The Manta is the flagship project of The SeaCleaners. It is a giant ship designed to collect, treat and repurpose large volumes of floating plastic debris present in highly polluted waters, along the coasts, in estuaries and in the mouths of large rivers, before it disperses and enters the marine ecosystem. After months of research and development starting in 2019, the final design of the Manta has finally been unveiled. Its construction will start in 2022, while its first field mission will be launched in 2024.
The ship will be 56.5 metres long, 26 metres wide (46 metres wide with outriggers) and 62 meters high, and will weigh 1800 tonnes. It will operate autonomously 75% of the time without fossil fuels, through 1500 square metres of sails installed on automated rigging, together with an electrical motor powered by on-board renewable energy production equipment (two wind turbines, hydro-generators and photovoltaic solar panels).
Operating mainly in Asia, Africa and South America, it will collect between 5 000 and 10 000 tonnes of debris per year, at a rate of 1 to 3 tonnes per hour, including macro-waste and smaller debris from 10 millimetres upwards. It will include four different collection methods: inclined conveyor belts under the ship, two small decontamination boats embarked on-board the Manta (the Mobula 8 and the Mobula 10), three floatable collection systems, and two cranes for larger debris. When collected, waste will be manually sorted according to its material. While metal, glass and aluminium waste will be stored for recycling in onshore waste management plants, plastic waste will be converted into electricity through pyrolysis in the Manta’s on-board repurposing plant.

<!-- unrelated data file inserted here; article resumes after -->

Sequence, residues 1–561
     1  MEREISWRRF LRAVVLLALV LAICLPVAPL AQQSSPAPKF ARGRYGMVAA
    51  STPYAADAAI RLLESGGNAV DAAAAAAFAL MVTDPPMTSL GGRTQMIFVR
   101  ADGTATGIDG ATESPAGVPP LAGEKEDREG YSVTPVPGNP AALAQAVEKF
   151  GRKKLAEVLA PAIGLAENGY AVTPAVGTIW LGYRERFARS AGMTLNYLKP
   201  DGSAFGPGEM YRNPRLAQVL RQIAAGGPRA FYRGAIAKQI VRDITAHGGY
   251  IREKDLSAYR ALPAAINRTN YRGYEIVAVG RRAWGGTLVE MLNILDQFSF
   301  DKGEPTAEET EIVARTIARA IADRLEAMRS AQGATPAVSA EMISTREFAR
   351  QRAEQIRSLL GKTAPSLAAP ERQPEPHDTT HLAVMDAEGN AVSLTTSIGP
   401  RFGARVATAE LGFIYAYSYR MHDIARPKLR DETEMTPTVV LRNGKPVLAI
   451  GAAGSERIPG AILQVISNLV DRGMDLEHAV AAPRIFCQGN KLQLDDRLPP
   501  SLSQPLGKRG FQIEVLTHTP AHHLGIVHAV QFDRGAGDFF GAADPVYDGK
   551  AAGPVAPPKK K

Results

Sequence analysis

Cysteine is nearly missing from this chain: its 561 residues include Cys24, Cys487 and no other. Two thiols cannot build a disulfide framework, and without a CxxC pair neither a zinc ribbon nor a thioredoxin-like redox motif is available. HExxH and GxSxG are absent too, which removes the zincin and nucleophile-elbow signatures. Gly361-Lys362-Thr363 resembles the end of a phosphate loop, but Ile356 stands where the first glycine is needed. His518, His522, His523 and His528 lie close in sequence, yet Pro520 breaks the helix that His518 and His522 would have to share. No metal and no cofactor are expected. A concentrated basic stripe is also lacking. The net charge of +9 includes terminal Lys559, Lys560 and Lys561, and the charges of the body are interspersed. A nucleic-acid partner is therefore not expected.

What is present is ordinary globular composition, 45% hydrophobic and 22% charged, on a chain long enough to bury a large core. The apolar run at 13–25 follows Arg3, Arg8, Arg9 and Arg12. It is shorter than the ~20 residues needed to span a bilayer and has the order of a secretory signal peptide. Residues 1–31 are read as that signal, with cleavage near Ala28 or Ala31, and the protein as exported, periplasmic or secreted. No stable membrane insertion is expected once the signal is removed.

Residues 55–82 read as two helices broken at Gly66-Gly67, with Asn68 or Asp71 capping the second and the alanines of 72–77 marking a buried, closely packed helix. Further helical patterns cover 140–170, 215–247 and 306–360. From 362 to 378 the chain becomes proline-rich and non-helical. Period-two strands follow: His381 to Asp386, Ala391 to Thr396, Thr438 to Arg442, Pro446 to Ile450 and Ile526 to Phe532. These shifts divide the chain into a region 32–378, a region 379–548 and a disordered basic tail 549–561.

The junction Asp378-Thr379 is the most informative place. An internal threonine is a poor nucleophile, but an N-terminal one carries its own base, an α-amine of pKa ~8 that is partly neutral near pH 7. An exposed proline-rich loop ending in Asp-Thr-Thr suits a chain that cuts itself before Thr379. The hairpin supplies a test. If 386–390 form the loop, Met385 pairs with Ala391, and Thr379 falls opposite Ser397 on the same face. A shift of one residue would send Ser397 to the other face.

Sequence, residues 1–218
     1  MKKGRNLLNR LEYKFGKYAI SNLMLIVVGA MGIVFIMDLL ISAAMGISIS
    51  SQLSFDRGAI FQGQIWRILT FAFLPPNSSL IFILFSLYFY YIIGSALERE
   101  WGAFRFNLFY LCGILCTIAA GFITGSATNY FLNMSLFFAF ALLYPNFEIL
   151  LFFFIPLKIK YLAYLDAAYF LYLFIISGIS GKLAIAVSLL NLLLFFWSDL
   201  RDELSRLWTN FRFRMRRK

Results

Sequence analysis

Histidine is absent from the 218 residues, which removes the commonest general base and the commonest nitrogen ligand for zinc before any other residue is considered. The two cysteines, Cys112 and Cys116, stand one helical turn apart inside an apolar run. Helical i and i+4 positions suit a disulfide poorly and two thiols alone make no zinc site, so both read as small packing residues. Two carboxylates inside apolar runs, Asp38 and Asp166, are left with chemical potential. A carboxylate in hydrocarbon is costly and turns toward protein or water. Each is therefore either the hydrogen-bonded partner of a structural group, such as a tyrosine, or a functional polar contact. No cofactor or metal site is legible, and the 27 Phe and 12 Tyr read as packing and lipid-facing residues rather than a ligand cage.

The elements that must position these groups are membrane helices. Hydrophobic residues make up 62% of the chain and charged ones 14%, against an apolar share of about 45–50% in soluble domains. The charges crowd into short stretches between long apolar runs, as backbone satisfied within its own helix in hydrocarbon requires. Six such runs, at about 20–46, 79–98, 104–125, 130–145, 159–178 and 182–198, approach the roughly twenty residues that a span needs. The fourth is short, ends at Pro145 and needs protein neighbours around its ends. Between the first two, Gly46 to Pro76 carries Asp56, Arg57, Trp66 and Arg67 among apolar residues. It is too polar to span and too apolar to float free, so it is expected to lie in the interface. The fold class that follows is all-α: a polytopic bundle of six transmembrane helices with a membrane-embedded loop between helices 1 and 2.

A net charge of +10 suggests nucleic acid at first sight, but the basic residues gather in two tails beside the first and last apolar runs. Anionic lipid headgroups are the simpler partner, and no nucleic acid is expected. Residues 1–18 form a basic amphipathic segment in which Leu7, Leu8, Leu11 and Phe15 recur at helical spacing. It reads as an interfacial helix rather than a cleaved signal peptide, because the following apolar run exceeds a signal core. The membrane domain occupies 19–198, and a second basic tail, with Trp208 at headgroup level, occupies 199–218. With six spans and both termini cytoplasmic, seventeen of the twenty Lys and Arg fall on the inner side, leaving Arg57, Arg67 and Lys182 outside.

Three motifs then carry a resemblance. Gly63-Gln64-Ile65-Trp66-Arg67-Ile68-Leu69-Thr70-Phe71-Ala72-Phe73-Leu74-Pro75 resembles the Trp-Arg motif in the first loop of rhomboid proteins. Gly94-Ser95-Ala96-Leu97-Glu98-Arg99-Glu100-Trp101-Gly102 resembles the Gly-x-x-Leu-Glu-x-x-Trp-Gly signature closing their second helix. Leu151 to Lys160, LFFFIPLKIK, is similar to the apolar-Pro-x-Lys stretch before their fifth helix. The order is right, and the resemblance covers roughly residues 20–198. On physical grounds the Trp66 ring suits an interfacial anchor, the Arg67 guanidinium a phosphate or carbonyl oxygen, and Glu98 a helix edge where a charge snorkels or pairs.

In addition to its collection activities, the Manta will disseminate solutions for plastic waste management and clean shipping in the countries it visits, it will receive the public aboard for awareness and educational purposes, and it will host international scientific missions thanks to its on-board research facilities.
The Manta will help battle the scourge of marine pollution. Every year, between 9 and 12 million tonnes of plastic pollution are dumped into the ocean, and at the current rate, the amount of plastic in the seas will triple in the next 20 years. 1.5 million animals die each year because of plastic pollution.